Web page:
Paul Ryan, the budget wunderkind who was elected speaker only after a united House GOP dragged him into the job, is finding himself in the exact same position as former House Speaker John Boehner: unable to find consensus in his conference.
Just months after being elected as speaker with the promise he’d return the House to what is called “regular order,” Ryan will miss an April 15 deadline to pass a budget even as he still seeks to find consensus around one.
“It’s important for Paul,” said Rep. Peter King (R-NY) on passing a budget. “It’s important to anyone who is speaker, I think because it is what we are supposed to be doing. It is regular order. And with him being budget chairman and even apart from that, it lays out the roadmap for the House for the year.”
The irony for Ryan is that the budget debacle unfolding on his watch is more about perception than an actual legislative crisis. Under a fiscal agreement struck between outgoing House Speaker John Boehner and President Obama, there is already a 2017 funding bill in place, a parting gift from Boehner that was intended to save Ryan from the kind of high profile vote wrangling he is facing now as GOP schisms bubble up in an election year.
Ryan, however, had made a pledge to bring back “regular order” and restore the budget process to the committees, all an effort to encourage his conference to feel a stake in the process and unite his party.
Ryan’s token of goodwill appears to be backfiring.
“Part of the problem is we’re a victim of the success of the fact that we have appropriations numbers already in law. We already have an agreement in law,” Ryan said Thursday during a press conference. “That has taken pressure off of the budget situation and that is one of the challenges we are dealing with.”
The disagreement raging in the House is over how much Republicans should set out to spend with their top line number. House Budget Chairman Tom Price released a budget plan earlier this year that set discretionary spending at $1.07 trillion for 2017 but some conservatives in the House wanted to see $30 billion less in spending. Ryan has said he still wants to see a budget, but the intransigence of the far right could prove impossible to untangle without a looming deadline.
Boehner often faced deep divides within his party over everything from ag subsidies to raising the debt ceiling. There were numerous occasions when the Republican whip team was scrambling before a vote to ensure must-pass spending legislation wouldn’t wither on the House floor. There were hopes that Ryan’s speakership would be more seamless than that.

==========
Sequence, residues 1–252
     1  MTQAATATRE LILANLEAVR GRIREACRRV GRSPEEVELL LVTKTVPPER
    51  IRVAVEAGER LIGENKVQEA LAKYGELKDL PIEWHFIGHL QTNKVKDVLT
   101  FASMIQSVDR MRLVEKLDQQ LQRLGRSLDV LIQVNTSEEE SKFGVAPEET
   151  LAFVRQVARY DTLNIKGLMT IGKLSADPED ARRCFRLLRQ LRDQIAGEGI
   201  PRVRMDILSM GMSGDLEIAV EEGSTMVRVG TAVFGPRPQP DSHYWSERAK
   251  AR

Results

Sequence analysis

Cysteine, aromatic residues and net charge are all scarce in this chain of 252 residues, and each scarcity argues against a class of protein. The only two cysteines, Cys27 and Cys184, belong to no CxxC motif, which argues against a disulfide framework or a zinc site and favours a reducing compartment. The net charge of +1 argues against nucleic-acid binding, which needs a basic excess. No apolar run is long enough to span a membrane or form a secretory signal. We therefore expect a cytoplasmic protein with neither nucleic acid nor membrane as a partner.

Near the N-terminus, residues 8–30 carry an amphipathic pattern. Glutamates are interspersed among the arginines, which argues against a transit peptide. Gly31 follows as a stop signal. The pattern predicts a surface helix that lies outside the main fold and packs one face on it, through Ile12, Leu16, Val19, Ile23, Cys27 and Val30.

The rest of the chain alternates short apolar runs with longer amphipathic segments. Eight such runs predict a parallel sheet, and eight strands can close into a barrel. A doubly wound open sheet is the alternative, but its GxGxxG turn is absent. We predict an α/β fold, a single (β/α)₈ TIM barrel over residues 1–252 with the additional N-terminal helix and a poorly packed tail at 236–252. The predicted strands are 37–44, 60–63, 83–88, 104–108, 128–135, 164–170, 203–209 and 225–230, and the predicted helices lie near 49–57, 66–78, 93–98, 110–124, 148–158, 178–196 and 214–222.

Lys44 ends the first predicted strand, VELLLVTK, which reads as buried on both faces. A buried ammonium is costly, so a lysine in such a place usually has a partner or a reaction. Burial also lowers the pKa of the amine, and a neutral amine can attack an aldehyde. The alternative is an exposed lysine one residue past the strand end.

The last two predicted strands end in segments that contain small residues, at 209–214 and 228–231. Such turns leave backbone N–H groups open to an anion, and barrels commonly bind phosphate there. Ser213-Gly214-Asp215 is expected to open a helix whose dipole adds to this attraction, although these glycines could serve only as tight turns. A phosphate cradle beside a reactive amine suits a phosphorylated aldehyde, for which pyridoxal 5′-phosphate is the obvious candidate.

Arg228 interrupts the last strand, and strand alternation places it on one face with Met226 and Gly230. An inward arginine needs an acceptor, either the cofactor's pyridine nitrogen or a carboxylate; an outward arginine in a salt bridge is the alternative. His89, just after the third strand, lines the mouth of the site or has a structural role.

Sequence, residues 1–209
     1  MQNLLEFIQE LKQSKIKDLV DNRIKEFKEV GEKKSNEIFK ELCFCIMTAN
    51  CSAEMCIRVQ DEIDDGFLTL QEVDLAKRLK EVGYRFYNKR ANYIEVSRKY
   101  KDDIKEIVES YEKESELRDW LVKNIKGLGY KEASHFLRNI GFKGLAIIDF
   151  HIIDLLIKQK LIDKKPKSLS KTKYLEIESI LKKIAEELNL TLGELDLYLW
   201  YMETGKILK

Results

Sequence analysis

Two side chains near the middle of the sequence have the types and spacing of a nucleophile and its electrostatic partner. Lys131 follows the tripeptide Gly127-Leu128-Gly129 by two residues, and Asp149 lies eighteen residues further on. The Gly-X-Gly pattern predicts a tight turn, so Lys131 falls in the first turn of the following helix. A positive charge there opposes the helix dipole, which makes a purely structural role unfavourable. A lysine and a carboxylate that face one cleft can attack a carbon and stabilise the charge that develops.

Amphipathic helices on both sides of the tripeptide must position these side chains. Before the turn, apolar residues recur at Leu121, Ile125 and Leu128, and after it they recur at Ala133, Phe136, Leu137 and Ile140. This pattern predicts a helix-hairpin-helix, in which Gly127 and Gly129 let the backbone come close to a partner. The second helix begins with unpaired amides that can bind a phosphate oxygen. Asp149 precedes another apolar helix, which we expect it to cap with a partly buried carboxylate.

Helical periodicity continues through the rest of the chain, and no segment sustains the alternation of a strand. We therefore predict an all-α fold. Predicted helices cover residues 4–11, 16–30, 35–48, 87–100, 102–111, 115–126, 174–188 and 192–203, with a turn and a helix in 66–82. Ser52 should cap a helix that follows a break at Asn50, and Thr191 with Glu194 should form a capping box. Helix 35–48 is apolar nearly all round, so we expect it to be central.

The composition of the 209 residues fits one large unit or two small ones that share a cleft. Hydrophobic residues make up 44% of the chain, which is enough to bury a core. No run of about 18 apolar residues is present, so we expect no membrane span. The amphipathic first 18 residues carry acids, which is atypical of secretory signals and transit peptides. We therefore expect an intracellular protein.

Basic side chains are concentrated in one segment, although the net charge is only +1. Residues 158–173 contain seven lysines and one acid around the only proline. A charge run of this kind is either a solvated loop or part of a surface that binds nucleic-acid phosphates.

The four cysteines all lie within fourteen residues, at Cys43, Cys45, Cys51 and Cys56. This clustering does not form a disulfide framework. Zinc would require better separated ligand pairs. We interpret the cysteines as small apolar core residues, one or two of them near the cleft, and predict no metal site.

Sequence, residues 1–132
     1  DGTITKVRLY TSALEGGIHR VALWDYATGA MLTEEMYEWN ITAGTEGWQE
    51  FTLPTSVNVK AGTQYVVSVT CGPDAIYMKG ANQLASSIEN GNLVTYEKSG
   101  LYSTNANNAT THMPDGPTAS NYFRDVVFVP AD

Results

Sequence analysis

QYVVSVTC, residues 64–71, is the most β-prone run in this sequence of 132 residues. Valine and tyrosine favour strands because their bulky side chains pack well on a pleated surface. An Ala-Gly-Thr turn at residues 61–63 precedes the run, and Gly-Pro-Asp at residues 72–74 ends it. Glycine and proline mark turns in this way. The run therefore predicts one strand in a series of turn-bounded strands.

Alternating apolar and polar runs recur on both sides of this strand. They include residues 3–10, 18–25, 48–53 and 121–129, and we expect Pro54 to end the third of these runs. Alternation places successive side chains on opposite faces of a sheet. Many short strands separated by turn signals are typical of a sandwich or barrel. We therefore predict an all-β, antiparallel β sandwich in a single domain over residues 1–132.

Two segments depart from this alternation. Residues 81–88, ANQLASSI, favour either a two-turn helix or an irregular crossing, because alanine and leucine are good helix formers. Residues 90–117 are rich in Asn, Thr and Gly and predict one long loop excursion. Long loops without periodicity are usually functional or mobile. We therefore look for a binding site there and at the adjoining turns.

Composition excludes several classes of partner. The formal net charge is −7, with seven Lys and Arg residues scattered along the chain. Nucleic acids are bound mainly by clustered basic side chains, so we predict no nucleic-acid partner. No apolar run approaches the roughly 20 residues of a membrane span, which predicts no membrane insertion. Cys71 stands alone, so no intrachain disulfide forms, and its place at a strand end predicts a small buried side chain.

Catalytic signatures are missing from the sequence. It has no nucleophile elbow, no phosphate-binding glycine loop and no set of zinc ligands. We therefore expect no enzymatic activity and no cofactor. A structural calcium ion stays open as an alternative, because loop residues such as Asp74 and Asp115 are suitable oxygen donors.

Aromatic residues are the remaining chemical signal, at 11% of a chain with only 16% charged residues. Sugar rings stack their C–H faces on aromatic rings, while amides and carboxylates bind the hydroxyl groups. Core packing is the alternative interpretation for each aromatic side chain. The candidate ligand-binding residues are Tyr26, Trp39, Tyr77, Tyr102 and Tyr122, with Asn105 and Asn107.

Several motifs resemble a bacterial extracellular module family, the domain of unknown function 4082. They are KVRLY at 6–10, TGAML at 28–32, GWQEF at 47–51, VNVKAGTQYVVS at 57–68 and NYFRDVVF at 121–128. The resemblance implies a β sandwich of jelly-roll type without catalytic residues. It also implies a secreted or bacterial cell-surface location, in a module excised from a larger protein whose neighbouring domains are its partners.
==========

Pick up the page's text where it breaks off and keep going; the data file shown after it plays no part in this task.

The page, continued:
Stylistically, Ryan is vastly different than Boehner. Even as he has faced disagreement in his conference over the budget, members report Ryan is approachable, open and willing to listen to their concerns.
“The general feeling of the Freedom Caucus members is not only that Speaker Ryan has given them an honest hearing, but that he’s done the same for the Tuesday group and everyone in between, and that’s all you can ask for,” said Rep. Mark Meadows (R-NC).
Ryan has said numerous times that he intends to keep talking and working with his conference.
“He is absolutely different,” said Rep. Steve King (R-IA). “The whole climate in this conference has changed. There is one place I am in support of climate change and that was in the Republican conference.”
However, the math is no different for Ryan than it always was for Boehner. Ryan still has the same hard job of uniting a conference that is deeply divided on just about everything. Ryan’s hold up on the budget comes from the freedom caucus, the same ragtag group of conservatives who were a thorn in Boehner’s side and ultimately pushed him toward resignation.
And, the budget is just one of the areas of disagreement Ryan is dealing with at the moment. In an election year, tensions run high and a controversial bill to restructure Puerto Rican debt is also dividing the GOP. Meanwhile, Ryan’s had to beat back rumors about his own political aspirations, taking out time earlier this week to declare once and for all that he is not seeking the Republican nomination for president.
But, the budget, even though it is merely a messaging document, reveals what was already expected: Ryan cannot singlehandedly save the Republican Congress from itself.
Ryan has said that he still intends to pass a budget this year, but the reality is he has got his work cut out for him. Boehner’s absence doesn’t make the job of speaker any easier.